Barclays demand for money 'was close to blackmail'

The Maxwell Trial Day 87
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The Independent Online
A week after his father's death, Kevin Maxwell went to the Bank of England to discuss the group's problems with the then deputy governor Eddie George, the publisher's son told the Old Bailey yesterday.

Kevin Maxwell, who was accompanied by John Melbourn, a senior NatWest executive and Mr George, now the Bank's governor, went through a long list of problems, some of which had been notified to the Bank of England by other banks.

Asked by his counsel Alun Jones, QC, what the Bank of England's attitude was, Kevin Maxwell said: "First of all they thought it was responsible to have come to tell them directly, face to face, the problems they were hearing from other banks. They encouraged me, and specifically the company, to work closely and rely on John Melbourn. Eddie George said he had tremendous experience in handling this type of situation and we could not have a better man to help us."

Earlier this week, Kevin Maxwell accused Mr Melbourn of threatening him and refusing to hand back shares which the bank had been holding as security, even after a promised amount had been repaid.

He said Mr Melbourn threatened that NatWest would not support a standstill proposal unless Kevin Maxwell withdrew instructions over the payment of an inter-company debt.

Kevin Maxwell yesterday accused Barclays Bank of demanding money - also in the troubled days after his father's death in November 1991 - in "circumstances as close to commercial blackmail as I have ever experienced".

He said Barclays too threatened to "destroy" the standstill proposals unless they got a share of money held by Maxwell Communications (MCC) at NatWest. "Their attitude was they were going to be damned if all the proceeds went to NatWest and none to them. It was extremely tough. It was threatening and, as I said, commercial blackmail," Kevin Maxwell told the jury. He said that he and the MCC board had agreed the payment to Barclays in the face of the threats.

Earlier, the Maxwell Group's relationship with Barclays had been more cordial. The bank had been the second or third biggest lender to Maxwell companies. At one stage, Barclays lending, which Kevin Maxwell described as "heroic", peaked at pounds 500m. But by 1991 it had dropped to about pounds 200m. Kevin Maxwell put down the "explosive growth" of the bank's lending in the 1980s to his father's close friendship with Barclays' chairman Sir John Quinton.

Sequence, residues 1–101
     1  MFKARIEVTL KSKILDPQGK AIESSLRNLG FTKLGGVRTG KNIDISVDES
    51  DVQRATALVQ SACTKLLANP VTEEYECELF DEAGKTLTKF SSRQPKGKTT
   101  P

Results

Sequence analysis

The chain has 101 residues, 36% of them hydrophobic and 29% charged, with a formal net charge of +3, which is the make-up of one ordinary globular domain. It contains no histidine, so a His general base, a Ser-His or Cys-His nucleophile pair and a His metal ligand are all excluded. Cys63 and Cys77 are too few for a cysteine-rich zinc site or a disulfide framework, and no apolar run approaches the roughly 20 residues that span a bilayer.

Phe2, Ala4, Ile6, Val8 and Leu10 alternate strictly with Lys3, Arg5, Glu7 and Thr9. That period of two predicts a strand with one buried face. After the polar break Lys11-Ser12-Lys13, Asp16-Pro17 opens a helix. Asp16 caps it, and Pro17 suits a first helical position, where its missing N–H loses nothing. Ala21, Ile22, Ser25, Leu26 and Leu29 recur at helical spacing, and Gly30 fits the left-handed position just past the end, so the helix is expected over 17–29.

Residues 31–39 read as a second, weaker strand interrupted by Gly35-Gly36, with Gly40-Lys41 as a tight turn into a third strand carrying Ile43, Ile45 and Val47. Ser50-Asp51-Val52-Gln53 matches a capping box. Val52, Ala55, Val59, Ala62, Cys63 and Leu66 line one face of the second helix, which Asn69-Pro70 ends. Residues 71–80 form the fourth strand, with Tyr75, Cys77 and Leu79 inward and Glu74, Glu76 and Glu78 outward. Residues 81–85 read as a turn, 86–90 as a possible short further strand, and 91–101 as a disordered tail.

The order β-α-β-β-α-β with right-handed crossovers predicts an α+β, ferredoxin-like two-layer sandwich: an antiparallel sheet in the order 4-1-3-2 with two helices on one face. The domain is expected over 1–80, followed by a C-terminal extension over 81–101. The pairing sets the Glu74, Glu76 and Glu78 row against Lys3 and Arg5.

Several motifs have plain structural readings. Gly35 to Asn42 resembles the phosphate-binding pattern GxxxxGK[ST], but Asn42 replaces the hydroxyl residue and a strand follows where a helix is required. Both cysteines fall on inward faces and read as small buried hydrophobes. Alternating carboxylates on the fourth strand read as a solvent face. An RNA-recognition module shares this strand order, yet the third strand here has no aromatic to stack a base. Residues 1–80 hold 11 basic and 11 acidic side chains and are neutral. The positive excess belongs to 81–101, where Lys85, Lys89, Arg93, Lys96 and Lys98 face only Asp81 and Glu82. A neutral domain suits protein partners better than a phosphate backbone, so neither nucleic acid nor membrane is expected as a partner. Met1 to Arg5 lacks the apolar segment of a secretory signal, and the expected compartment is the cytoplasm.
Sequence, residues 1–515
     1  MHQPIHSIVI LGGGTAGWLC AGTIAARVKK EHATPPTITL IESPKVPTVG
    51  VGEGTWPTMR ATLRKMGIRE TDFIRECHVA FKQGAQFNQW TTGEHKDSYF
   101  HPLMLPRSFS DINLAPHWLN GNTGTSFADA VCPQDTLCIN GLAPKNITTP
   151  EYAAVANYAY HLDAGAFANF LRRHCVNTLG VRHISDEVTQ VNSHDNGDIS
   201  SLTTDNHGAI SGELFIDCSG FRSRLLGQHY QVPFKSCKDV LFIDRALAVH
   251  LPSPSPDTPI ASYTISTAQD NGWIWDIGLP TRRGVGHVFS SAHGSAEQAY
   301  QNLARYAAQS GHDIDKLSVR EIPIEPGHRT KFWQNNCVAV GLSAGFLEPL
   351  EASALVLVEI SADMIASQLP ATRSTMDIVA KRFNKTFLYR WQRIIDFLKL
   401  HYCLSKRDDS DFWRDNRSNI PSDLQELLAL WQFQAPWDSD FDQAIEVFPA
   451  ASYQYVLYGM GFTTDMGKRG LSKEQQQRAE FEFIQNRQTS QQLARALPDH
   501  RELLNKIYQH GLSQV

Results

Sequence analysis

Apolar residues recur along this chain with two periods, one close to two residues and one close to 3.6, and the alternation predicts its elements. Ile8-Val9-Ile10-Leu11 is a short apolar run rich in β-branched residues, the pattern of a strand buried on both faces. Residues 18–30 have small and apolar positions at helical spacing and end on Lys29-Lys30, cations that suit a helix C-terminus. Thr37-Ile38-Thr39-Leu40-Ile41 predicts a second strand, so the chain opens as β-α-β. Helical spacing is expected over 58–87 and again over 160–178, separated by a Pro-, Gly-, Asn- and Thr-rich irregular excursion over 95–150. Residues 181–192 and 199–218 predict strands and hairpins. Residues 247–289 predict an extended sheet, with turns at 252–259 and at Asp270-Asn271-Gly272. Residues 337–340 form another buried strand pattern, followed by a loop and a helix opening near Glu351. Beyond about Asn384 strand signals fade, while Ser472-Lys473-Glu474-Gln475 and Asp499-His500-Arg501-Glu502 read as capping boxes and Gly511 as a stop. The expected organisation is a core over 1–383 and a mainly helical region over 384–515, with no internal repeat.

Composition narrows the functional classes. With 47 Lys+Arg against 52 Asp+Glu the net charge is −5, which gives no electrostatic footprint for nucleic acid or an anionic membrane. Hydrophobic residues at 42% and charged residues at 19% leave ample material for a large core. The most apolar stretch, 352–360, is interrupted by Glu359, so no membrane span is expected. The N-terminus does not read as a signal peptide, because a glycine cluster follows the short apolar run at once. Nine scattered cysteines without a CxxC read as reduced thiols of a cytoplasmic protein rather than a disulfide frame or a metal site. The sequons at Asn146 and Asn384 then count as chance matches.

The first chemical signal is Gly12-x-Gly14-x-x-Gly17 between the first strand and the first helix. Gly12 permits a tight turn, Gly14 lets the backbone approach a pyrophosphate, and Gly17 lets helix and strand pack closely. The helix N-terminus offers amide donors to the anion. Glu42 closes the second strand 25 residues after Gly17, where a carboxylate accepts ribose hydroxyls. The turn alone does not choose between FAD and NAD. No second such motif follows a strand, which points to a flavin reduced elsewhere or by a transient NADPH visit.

The court has heard extracts from the hundreds of letters of condolence Kevin Maxwell and his brother Ian received after their father's death. He read further extracts from letters written by Lord Rippon QC, a member of the MCC board, and from the former cabinet minister Peter Walker.

Lord Walker had been earmarked to take over as chairman of MCC until Robert Maxwell had a sudden change of heart, paid him off and invented a misleading account of the incident for the City, the court has been told. Lord Rippon wrote of Robert Maxwell: "I will always remember him with affection and admiration. He was truly a great man in every way, generous and warm-hearted ... His word was his bond."

Lord Walker said the tycoon was "a very remarkable character". In his letter, he said that bankers had been telephoning him about the underlying quality of the Maxwell Group. He wrote that he had told them the quality of Kevin and Ian.

Kevin Maxwell, 36, Ian, 39, and Larry Trachtenberg, 42, a former Maxwell financial adviser, deny conspiracy to defraud the pension funds by misusing shares.

The trial was adjourned until Monday.